Scanning my newsfeed in the early hours means invariably reading about Trump’s latest mess up, and asides from the myriad things wrong with the man generally, there is one major thing wrong with his leadership skills: he completely lacks any empathy. He has been given the tools to run an immensely powerful country (God help us), but his outlook is so warped that he can’t look at the world through anyone’s eyes but his own. The definition of empathy can vary, but it differs from sympathy; you’re are more than just understanding of a situation, you can actually put yourself in someone’s shoes and imagine walking in them (Ironically, Trump doesn’t want to try anyone else’s on for size, but he insists that women wear specific shoes when working for him).
According to an article on Forbes, it’s this ability to empathise that is the key to a happier working life and a more civil society in general. Research from the Center for Creative Leadership analysed data from 6,731 managers from 38 countries and found that empathy is positively related to job performance. Managers who show more empathy toward are viewed as better performers by their bosses and Studies also find that displaying empathy at work creates “psychological safety”— the most essential ingredient of highly effective teams, according to a two-year Google study. It’s all down to cultivating a culture where employees don’t just care what their workers think; they care how they feel as well.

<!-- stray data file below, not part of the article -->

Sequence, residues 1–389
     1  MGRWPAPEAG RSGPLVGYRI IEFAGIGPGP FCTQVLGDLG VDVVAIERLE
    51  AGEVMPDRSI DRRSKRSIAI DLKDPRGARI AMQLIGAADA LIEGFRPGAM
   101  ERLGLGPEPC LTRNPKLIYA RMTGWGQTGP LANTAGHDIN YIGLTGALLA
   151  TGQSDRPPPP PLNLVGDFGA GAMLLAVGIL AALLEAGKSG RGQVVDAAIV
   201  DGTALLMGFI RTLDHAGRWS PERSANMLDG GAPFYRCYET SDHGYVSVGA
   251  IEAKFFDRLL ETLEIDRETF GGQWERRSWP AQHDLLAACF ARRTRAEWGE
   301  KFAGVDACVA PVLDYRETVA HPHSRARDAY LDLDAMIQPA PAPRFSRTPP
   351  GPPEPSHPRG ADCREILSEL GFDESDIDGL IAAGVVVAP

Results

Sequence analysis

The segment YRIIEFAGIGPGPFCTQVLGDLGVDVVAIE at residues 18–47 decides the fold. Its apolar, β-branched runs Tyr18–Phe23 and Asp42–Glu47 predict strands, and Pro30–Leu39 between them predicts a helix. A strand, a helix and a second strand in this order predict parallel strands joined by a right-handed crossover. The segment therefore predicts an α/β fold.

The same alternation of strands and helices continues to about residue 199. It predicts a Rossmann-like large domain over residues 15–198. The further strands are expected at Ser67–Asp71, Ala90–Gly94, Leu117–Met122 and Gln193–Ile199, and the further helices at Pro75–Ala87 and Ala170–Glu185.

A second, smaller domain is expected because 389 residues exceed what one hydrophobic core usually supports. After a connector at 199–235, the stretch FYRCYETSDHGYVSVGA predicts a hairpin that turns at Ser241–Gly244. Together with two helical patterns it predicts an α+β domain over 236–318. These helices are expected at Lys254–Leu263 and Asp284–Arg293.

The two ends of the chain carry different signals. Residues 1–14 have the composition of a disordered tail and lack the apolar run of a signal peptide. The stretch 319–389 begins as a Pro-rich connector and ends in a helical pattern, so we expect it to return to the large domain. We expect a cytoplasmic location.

And it’s the workplace that distinctly lacks empathy. A recent study by the Chartered Management Institute (CMI) shows that, last year, four in five managers witnessed some form of gender discrimination or bias in their workplace, i.e., the vast majority. More than two-thirds of managers (69%) said they saw women struggling to make their views heard in meetings, emphasising that most are clearly not emphatic when they witness women struggling to be heard in the workforce – managers aren’t looking at situations through their eyes.
And yet, cultivating empathy is what Apple deem their “secret weapon” to ensuring that their workers stay happy. The key, as with most things in life, is a healthy balance. Research on “generosity burnout,” drawn from Grant’s book Give and Take, depicts three kinds of employees found in organisations — givers, matchers, and takers. It’s the first kind — the generous and empathetic “giver” who comes out on top. Givers are more successful and add more value to a company. But they are also at the most risk for burnout as they can over-stretch their limits.
Happier working situations mean that your employees work in a place infused with more trust and belonging and the key to making this happen comes down to understanding their behaviours equally – regardless of gender – and making that extra effort to see their world with a different set of eyes.